Maybe some people feel that Arabic is a magic language, but I don't see why one has to prove to be a Muslim only by being able to pronounce the shahada correctly. Witnesses and friends then celebrate...his ability to imitate sounds accurately? In the episode Jeff clearly says that he converts to make the family of his future wife happy, and so that he can stay with her -- I couldn't help but wonder if the Dutchman felt a little bit of this too? But what disturbed me the most was how everyone just seemed really happy that his commitment to Islam involved only repeating the shahada.

How do you be sure that someone converts for the sake of God? You simply can't. That is in itself, a way of thinking that is specific to Muslims and our socialised desires for authenticity and visible sincerity. Some converts tell me there is no internal conversion process at all; there is no change from a non-Muslim to a Muslim. They remain the same person as they are, and they hope that their family and friends will also see them the same way.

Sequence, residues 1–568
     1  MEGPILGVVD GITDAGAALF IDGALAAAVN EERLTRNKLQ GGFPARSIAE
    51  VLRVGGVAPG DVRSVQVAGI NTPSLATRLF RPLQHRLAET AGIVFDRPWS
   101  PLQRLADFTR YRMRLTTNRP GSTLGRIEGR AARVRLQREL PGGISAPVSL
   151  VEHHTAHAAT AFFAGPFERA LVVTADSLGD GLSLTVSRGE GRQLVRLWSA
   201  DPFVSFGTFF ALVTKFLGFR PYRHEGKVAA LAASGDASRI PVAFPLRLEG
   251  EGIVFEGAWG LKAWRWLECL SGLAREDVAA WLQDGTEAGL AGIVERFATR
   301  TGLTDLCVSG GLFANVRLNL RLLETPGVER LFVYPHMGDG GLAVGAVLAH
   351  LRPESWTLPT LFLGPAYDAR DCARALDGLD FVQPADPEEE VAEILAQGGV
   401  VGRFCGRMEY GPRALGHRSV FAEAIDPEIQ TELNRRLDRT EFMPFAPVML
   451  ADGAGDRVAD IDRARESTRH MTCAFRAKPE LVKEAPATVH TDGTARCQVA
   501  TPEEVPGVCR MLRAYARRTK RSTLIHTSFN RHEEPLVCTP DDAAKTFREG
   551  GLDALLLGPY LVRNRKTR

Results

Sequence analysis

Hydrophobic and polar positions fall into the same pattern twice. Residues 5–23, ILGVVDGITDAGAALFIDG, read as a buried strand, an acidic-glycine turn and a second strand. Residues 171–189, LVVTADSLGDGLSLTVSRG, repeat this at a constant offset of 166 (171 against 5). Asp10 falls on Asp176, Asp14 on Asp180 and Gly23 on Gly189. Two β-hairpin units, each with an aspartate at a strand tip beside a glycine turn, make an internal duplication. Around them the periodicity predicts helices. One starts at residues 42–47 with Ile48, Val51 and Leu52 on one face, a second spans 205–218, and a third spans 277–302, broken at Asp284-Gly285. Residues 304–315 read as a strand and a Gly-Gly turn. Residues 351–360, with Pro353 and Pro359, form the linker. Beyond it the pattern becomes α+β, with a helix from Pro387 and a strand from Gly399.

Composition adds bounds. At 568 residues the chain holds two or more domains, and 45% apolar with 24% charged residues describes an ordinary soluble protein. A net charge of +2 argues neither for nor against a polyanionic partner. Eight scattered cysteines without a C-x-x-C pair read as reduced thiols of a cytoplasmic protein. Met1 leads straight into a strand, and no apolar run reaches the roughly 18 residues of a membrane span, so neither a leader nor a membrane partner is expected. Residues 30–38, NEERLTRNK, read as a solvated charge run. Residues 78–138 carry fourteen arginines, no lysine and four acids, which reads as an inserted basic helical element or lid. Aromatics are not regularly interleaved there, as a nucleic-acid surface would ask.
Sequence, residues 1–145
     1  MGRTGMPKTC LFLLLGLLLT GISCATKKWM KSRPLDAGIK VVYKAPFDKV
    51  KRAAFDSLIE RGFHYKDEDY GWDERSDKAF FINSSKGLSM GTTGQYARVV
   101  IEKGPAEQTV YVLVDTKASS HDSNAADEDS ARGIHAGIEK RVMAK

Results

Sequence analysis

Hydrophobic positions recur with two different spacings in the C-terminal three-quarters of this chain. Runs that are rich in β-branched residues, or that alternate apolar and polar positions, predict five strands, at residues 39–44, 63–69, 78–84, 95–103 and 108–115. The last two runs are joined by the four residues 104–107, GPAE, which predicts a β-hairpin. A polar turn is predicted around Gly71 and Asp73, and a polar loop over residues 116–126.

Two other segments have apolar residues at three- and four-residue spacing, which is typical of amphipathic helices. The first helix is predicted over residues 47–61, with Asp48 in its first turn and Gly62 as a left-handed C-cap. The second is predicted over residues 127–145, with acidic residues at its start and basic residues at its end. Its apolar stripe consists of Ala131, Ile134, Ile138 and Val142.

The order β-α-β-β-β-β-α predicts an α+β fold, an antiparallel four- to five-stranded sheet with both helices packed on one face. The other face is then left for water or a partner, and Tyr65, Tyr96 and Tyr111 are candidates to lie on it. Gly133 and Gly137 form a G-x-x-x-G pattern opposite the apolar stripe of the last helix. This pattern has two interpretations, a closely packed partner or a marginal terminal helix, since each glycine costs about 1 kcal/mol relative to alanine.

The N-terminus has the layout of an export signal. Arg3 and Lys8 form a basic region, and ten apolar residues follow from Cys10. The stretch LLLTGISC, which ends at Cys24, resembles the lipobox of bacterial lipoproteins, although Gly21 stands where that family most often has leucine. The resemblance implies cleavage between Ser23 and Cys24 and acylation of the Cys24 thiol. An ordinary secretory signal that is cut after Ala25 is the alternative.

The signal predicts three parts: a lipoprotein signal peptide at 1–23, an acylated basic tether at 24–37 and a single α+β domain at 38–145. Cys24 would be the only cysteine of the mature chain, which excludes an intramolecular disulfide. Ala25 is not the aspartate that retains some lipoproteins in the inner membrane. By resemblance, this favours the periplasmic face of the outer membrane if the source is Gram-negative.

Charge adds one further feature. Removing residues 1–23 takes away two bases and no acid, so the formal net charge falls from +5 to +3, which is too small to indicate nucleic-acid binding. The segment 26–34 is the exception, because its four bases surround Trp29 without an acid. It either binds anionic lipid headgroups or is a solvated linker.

For some, a formal procedure is helpful. But for some, it is enough that the realisation that the actions, beliefs and values they have felt all along to be true and right, has a name to it... finally.

1 comment:

aletha said...

It might also be part of our desire as a community, not to 'bersubahat', by allowing 'immoral' activities to continue.
A quasi-govt body, with formal conversion rituals, helps assuage our collective guilt, that a convert might not be converting for the right reasons (which is a whole other issue)
So really, i see the ceremony more for the incumbent muslim community's benefit, rather than the convert per se